BabaBoom: Kebabs in Battersea

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Emily Gray by | Posted on 21st August 2017
BabaBoom: Kebabs in Battersea

What? Inspired by restaurants such as Palomar and Berber and Q; frozen margaritas and Middle Eastern dishes are the order of the day in this vibrant, little Battersea restaurant

 New? Having survived the tricky first few months any restaurant faces, BabaBoom has now been opened almost a year.

Where? Just off the foodie hub that is Northcote Road you’ll find BabaBoom at 30 Battersea Rise, Battersea, SW11 1EE, www.bababoom.london

On the Menu: Making use of charcoal cooking, BabaBoom’s menu centres around proper kebabs with a few small plates to graze on such as rose harissa labneh and broad bean crisps; a couple of sides like Dukkah fries and avocado tahini. It’s succinct, but there’s plenty of variety with the spices and bold flavours.

The Look: Designed by Tracy Lynch at St.udio Leelynch, BabaBoom makes use of its small space with big windows, bright, bold colours and geometric shapes. Exposed rough brick is mirrored by smooth terracotta walls and plain wooden table tops sit upon mint green and burnt orange legs. An open kitchen is surrounded by grey patterned tiles and clusters of brass pendant geometric lights create a focal point in the centre of the restaurant. When full, as it was when we visited, it is a bit of a tight squeeze, there are a couple of tables on the pavement if you have to wait, but not much space inside if you’re waiting for a seat – so book ahead if you want to visit during a busier time.

What We Ate: We started with a plate of moreish dukkah whitebait – I’ve always had a thing for whitebait, ever since working as a kitchen porter, when confined to the kitchen for hours I’d snack on whatever the chef had extra off. Times have changed – I no longer spend my days washing up, but that love for whitebait means whenever I see it, I have to order it. Its flavour is subtle enough so that it wasn’t competing with flavours and fragrance of the dukkah. There was also a glorious, golden sweet potato hummus which we scooped up with warm flatbreads.

Kebabs come with either flatbread or fattoush salad, being the carb demons that we are, we both went for flat bread, do this if you’re hungry – the salad in comparison just didn’t look like it would quite cut it. There’s a fragrant saffron and orange chicken, served with charred sweet red peppers – orange and chicken, not that common, but it should be, we’re converts.  For something heartier try the 28- day aged short rib and Kashkaval kofta with za’atar tomato- tender, caramel meat with red onions. Both flatbreads come loaded with meat and shredded fresh slaw, you’re not going to go hungry. Of course, just to ensure you really aren’t hungry add in the fries, again dusted with dukkah and the fresh tomato and feta tabbouleh.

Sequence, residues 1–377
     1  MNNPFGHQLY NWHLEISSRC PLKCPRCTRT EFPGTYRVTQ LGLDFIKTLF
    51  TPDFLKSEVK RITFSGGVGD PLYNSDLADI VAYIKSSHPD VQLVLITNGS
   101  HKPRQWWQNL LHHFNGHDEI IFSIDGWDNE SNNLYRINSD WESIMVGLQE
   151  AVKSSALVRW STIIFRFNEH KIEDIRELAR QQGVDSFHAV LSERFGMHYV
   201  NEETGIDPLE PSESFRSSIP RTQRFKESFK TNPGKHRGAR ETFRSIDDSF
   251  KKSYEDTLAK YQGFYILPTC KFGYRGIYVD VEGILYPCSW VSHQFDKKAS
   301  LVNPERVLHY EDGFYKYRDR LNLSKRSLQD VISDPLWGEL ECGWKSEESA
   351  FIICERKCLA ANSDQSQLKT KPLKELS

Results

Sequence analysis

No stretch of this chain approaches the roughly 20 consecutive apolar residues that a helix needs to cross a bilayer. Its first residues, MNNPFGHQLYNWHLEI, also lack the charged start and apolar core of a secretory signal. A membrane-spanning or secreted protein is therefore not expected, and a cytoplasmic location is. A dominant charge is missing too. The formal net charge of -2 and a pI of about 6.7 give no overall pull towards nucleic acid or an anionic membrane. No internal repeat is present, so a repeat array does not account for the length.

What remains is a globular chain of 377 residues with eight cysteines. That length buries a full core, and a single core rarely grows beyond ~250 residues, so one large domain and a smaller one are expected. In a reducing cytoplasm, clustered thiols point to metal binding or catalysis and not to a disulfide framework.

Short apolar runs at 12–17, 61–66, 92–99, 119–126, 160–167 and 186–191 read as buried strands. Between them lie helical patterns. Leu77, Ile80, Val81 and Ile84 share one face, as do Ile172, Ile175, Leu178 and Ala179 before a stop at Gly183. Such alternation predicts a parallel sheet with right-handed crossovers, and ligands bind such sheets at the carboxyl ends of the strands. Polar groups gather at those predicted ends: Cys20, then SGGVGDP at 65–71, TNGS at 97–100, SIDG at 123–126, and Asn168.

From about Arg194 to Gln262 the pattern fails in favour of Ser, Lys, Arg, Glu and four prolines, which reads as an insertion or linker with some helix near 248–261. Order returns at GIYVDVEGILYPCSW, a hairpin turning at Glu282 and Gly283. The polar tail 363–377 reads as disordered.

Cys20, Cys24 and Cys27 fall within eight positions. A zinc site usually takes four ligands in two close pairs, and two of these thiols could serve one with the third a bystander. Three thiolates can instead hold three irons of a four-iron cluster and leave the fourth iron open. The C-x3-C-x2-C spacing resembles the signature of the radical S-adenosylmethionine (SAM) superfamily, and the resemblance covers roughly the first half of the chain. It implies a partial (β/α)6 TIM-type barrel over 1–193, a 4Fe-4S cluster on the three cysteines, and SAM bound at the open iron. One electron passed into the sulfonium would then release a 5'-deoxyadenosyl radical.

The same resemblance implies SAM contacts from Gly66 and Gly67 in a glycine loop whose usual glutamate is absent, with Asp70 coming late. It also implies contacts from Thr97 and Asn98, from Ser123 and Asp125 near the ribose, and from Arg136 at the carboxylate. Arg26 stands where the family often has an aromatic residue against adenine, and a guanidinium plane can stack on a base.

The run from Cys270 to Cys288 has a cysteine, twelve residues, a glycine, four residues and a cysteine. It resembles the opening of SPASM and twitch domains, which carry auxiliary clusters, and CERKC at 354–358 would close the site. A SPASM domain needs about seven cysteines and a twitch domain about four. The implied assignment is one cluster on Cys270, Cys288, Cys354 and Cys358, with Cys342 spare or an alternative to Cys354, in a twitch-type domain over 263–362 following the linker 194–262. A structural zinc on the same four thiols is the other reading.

We decided to share pudding but we could have gone without – pomegranate and hibiscus BoomMallows, whilst a very pretty shade of pink, had us wincing they were so sweet and the salted date caramel glory came without the honeycomb as they had run out, so it was just a glass of yoghurt and pistachio ice cream with hot sauce, the date sauce was undeniably good but it just felt liked it was lacking.

What We Drank: Forget beer or Prosecco on tap at BabaBoom they have frozen passionfruit Margaritas on tap. Exactly. Essentially a non-neon grown up slushy, they go down rather too well. With our meat, we could have gone with one of We Brought Beer’s choices of craft beer (you’ll find the local beer shop in Clapham Junction) and whilst a Brewdog Punk IPA would normally be my first choice, there was something about the balmy summer evening that had us reaching for a crisp glass of rosé – just one on the list it’s an Italian, Mirabello, Pinot Grigio.

Go With: The night we visited seemed to be girls’ night, every table was full, but only two of the diners were guys. Not sure why. There are a few larger tables, but it’s more suited for a catch up with a couple of friends and plenty of margaritas. They are also open for brunch and you can get food to go too – probably a good thing I don’t live in the area, there’d be nothing flat about me after all the flat bread I would consume.

Final Word: Middle Eastern food has, for a while now, slowly been growing more popular in London, and BabaBoom brings an easy, fun element, proving, with the likes of Le Bab that kebabs are not just the dirty, drunk food you get on your way home.

Like This? Try These:  Tabun Kitchen, Le Bab, The Palomar

BabaBoom: 30 Battersea Rise, Battersea, SW11 1EE
www.bababoom.london

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